Company to shift investment from sedans, ICEs to trucks and Ford EVs

Ford Motor Company says it plans to increase its investments in electric vehicles to $11 billion by 2022 when it plans to include 40 hybrid and fully electric vehicles in its model lineup.

The company is upping its investment in electric vehicles from a previously announced target of $4.5 billion by 2020, according to company executives.

Reuters reports that some of the Ford EVs will be produced by the company’s joint venture in China and will be aimed at the Chinese market.

In October, Ford Chief Executive Jim Hackett told investors that the company would cut $14 billion in costs in the coming five years.  Ford plans to shift capital investment away from sedans and internal combustion engines (ICEs) to the development of more trucks and electric and hybrid vehicles.

For its 2022 global lineup, Ford executives told Reuters at the Detroit auto show that 16 of the 40 EVs planned will be fully electric and the remaining 24 will be plug-in hybrids.

“We’re all in on this and we’re taking our mainstream vehicles, our most iconic vehicles, and we’re electrifying them,” Ford told reporters. “If we want to be successful with electrification, we have to do it with vehicles that are already popular.”

According to Reuters, SUVs were a prominent part of Ford’s presentation at the Detroit auto show.  Jim Farley, Ford’s president of global markets said the company will bring a high-performance electric utility vehicle to market by 2020.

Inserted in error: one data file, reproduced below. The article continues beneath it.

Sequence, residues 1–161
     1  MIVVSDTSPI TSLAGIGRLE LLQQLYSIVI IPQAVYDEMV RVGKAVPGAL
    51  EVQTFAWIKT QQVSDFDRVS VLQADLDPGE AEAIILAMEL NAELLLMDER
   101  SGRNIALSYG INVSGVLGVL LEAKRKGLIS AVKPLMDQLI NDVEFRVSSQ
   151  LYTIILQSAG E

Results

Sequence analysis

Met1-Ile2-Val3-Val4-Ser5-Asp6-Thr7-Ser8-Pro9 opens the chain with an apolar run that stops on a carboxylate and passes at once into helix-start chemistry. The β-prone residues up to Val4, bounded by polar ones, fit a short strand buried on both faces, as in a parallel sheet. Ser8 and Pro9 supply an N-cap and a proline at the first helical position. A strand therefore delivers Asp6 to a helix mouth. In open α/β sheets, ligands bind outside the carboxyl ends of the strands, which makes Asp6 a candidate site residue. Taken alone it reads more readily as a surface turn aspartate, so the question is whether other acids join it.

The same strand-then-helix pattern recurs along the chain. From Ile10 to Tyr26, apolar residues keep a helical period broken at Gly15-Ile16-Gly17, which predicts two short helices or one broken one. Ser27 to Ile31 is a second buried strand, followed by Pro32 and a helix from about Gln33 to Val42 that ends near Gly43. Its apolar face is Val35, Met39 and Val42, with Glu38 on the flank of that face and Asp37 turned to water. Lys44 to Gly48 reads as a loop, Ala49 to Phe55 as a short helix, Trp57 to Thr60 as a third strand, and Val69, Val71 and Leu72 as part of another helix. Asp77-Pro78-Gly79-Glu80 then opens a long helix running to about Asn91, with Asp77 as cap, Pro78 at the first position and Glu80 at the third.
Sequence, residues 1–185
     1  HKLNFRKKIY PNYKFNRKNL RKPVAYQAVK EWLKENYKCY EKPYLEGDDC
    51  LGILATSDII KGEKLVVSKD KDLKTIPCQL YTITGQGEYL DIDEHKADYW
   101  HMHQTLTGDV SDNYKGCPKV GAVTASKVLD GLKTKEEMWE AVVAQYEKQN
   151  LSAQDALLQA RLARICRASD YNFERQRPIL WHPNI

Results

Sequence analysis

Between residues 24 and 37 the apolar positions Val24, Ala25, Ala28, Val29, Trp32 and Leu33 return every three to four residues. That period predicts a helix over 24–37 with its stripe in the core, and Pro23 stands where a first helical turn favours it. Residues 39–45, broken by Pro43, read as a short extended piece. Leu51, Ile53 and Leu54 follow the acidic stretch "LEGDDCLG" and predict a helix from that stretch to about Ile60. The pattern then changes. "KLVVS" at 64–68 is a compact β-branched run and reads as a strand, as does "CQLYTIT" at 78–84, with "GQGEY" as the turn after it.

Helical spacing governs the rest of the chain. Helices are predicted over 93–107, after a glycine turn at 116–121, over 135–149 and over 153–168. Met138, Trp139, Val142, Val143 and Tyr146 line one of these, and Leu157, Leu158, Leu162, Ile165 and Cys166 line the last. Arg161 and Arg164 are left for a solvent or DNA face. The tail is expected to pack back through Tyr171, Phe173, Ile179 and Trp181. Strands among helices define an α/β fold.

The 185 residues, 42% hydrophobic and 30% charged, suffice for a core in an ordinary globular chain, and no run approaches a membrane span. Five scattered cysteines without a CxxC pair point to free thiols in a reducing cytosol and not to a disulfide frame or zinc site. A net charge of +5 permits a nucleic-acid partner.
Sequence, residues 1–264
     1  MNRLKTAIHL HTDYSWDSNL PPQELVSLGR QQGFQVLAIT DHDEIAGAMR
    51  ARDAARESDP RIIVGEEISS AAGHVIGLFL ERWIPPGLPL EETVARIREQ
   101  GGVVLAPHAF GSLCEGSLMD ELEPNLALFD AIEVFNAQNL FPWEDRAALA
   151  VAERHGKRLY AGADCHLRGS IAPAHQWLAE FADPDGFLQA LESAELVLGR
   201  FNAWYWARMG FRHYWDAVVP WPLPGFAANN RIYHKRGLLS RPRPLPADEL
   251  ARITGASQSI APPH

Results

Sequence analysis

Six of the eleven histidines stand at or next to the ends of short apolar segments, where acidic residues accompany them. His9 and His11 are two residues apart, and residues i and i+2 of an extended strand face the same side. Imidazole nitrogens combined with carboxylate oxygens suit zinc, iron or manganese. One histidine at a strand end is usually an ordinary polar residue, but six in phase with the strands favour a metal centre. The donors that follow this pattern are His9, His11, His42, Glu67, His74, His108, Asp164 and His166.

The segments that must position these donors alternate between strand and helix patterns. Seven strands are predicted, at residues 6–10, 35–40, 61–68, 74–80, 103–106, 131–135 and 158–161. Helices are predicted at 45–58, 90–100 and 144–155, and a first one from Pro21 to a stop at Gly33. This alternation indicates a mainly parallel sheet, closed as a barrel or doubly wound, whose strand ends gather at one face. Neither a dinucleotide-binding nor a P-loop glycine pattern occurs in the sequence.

Ford says it will also begin production of a hybrid version of its F-150 pickup truck at a plant in Dearborn, Michigan in 2o2o.

“What we learned from this first cycle of electrification is people want really nice products,” Farley said.

Ford joins GM, Toyota and Volkswagen who have already announced their plans to aggressively expand their EV lineup.  Buyers are looking for luxury, performance and an SUV body style.

But, the shift is not just to appeal to consumers.  Automakers are under pressure from regulators in China, Europe and California to cut carbon emissions.  As well, traditional automakers are looking to compete with newcomer Tesla.

Last year, GM Chief Executive Mary Barra promised investors GM would make money selling EVs by 2021.  Barra said the automaker would add 20 new battery electric and fuel cell vehicles to its global lineup by 2023.

VW says it plans to spend $40 billion on EVs, autonomous driving and new mobility services by the end of 2022.

And Toyota is hoping to develop solid state battery technology that would cut the cost of building EVs.

China, India, France and the United Kingdom have recently announced they plan to phase out sales of ICE vehicles powered by fossil fuels between 2030 and 2040.